Interview with Judith Halbreich, Advocate for Foster Children and Creator of Home of Champions
Life isn’t easy for the 400,000 American kids in foster care. Entrenched amidst instability, they face major obstacles to success including a lack of financial and emotional support. Although many of these kids are ambitious and have dreams of attending college, they often age out of the system right when they need to begin preparing and applying. It’s no wonder why less than 10% of foster kids attend college, and of that number, less than 26% will graduate.
Youth activist and social worker Judith Halbreich is changing these statistics with the launch of “Home of Champions” (HOC) an innovative non-profit that gives foster youth in college a home base, facilitating their success in academia and beyond.
- Hi, Judith! I am also a social worker, and I deeply admire your work, including your new non-profit Home of Champions! Can you tell me what led you to creating a non-profit?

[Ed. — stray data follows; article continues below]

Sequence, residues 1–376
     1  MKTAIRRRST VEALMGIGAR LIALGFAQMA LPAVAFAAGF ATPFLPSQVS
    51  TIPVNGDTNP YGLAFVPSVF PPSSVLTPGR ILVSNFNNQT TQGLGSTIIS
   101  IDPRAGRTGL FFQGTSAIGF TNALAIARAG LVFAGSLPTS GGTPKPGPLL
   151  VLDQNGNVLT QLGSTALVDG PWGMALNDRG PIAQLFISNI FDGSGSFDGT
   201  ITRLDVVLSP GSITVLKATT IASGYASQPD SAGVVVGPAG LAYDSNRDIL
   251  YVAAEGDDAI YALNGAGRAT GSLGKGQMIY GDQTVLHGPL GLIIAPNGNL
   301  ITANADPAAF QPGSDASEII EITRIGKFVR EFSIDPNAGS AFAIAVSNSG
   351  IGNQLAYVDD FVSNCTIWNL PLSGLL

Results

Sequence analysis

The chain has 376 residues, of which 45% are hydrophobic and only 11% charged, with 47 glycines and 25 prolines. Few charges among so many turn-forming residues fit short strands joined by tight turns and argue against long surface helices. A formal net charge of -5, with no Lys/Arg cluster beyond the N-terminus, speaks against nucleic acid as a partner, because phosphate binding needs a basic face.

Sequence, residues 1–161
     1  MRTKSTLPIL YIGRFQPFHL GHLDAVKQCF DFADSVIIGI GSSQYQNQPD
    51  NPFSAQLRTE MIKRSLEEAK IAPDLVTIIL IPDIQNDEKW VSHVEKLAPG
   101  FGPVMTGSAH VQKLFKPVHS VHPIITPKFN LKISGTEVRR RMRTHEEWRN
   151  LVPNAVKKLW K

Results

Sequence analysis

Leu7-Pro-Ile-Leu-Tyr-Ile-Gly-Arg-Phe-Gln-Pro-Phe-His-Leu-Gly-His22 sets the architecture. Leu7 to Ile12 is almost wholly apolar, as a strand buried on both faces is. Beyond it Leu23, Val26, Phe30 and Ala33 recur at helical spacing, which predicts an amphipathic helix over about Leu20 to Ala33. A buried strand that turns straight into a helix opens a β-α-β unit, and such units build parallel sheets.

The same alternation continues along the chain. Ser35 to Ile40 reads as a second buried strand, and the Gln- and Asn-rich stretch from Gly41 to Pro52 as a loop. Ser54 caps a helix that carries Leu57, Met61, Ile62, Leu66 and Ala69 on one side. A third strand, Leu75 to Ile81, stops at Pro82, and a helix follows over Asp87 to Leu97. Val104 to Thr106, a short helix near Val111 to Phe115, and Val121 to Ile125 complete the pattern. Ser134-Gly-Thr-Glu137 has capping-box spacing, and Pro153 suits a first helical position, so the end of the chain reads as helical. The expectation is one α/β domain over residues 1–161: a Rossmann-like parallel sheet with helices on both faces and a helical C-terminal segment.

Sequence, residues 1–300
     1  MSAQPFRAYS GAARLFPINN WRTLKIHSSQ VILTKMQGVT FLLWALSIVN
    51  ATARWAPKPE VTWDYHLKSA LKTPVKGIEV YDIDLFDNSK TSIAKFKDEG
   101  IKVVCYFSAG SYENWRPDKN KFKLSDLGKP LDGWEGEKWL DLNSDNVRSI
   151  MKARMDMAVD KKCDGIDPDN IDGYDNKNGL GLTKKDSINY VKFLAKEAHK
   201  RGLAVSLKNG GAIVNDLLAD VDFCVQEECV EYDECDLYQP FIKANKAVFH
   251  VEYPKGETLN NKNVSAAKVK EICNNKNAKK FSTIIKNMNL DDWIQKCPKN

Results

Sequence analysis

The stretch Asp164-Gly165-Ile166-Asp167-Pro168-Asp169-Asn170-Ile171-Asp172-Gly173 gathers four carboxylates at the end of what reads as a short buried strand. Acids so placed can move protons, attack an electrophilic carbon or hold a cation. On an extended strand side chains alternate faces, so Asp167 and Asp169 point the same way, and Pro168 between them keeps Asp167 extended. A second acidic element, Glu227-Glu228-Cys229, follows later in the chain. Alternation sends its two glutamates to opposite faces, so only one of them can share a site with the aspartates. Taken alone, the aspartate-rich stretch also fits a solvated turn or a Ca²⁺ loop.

As a social worker I have seen the incredible challenges foster youth face on their journey to getting a college degree. Many of those who enter university after graduating from foster care do not finish because of a basic lack of support. I created Home of Champions to eliminate this factor and give foster youth in college or a vocational school a home base facilitating their success in academia and beyond.
With appropriate nurturing, youth who have transitioned out of foster care, and other socially disconnected youth can and will achieve. There are positive attributes of growing up as a foster kid and struggling with being in the fringes of society. They should be productively amplified. Even though many children who experienced an unstable and unsafe environment are traumatized and weakened, I have experienced that some become stronger. For them there is a unique opportunity to cultivate further development of resilience, ingenuity and survival skills. A minority of disconnected youth demonstrates the capabilities of becoming stronger in the face of adversity to lead others into action. These are the youth who, under a positive support system can become leaders.
We strongly believe that with appropriate screening, resourceful innovation and nurturing, those with the potential will materialize to be leaders of revival.